I have always been a ‘white-cube’ kind of girl, so it was very exciting to be asked to participate in the inaugural Cementa arts festival. I immediately knew that I would build a wall that would either obscure or reveal something – maybe hide something unpleasant or reveal something wonderful. I discussed my thoughts with Georgie Pollard to see whether this could coincide with any available spots around town – she suggested the disused railway station – now ‘Down the Tracks’ Cafe. The wall created a partition at the end of the platform that allowed glimpses of the disappearing tracks and the distant escarpment through three viewing holes.
It was an interesting and slightly disconcerting experience to create the work in the midst of a working cafe. I tried to keep the disruption to a minimum and Sue and David from the cafe were wonderful with their support and assistance. The locals who dropped in for their regular coffees and lunches began by nodding and saying hello, and eventually conversations regarding the manufacture and possible meanings of the work ensued.
Cementa_13 anecdote #1
Towards the end of my first day of installation, three likely lads dropped into the cafe for some cold drinks, they sat at the next table from where I was working. They said hello. One of the lads then asked me, “You’re not going to leave that there all night are you?” I said that I was. He then continued, “You know that the local kids are just going to trash it?’ I said sadly that I really hoped they wouldn’t… I repeated this story later to David from the cafe, he said that the boys had never been in before and of course they were the ones that trashed things. I returned tentatively next morning….they didn’t trash it…maybe they liked it…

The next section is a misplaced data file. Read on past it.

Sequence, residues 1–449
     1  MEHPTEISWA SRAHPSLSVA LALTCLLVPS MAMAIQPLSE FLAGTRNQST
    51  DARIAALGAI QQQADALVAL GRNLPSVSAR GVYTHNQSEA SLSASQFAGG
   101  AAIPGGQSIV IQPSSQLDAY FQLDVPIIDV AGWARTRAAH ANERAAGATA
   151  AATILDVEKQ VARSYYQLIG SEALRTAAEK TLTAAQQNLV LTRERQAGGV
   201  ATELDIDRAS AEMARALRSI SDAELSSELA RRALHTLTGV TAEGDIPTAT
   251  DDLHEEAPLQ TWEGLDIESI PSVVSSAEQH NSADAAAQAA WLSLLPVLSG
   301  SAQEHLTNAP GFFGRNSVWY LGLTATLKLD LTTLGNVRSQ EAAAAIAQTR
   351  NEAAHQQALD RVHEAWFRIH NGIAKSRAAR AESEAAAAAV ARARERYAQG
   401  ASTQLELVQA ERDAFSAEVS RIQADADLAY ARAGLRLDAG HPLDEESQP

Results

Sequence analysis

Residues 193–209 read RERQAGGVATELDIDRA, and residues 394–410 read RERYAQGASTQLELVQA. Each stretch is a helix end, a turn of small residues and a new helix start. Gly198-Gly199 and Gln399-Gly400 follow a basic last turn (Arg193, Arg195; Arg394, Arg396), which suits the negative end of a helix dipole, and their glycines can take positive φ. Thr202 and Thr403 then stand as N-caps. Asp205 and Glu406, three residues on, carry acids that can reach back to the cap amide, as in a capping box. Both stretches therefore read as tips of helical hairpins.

A contemporary arts festival in a small country town has to be fraught with danger. Will the locals feel alienated and threatened, or will they allow themselves to be open to the experience? Of course both things happened in Kandos. John Douglas told of the wonderful incident where the passengers of a ute called him an ‘Art Dickhead’ as they drove by; leading to calls for an extra badge to be made for the next Cementa to match the existing ‘Art Hero’ one.
Cementa_13 anecdote #2
An elderly local couple came into one of the spaces that I was sitting. I talked to them about the work in the venue and asked them how they were enjoying the festival. They said they were loving it; he said that they had seen nearly all of the work on show and that it was wonderful for the town. He then continued, “I don’t actually like ANY of the things that have been made, but boy I like the ideas!” I congratulated him on his understanding of contemporary art….
Participating in Cementa_13 was an extremely generous, inclusive and exhilarating experience. It was the busiest six days I have had in a long time with all of the exhibitions to see, events to attend and artists to talk to – all without having to deal with traffic or my work back in Sydney. It does say a lot about the artists who were involved that everything ran so well and with such good humour. Nobody really knew if or how it was going to work and whether anybody other than the artists would bother showing up, but the main street of Kandos was packed with both locals and visitors on the Saturday and Sunday of the festival. Georgie Pollard, Alex Wisser and Ann Finnegan did an amazing job to facilitate such an event.
The legacy of Cementa_13 is yet to be fully determined. There must surely be a Cementa_15 after such a successful festival. Maybe Kandos won’t actually produce the ‘largest solar thermal plant in the southern hemisphere’ or the ‘Kandos University, with its ground breaking School of Cultural Adaptation and Innovation’ as predicted by Ian Millis… but it might. At the very least it has suggested to the local Kandosians that art can be an interesting and worthwhile activity, and that artists are not necessarily unapproachable or dickheads.
Cementa_13 anecdote #3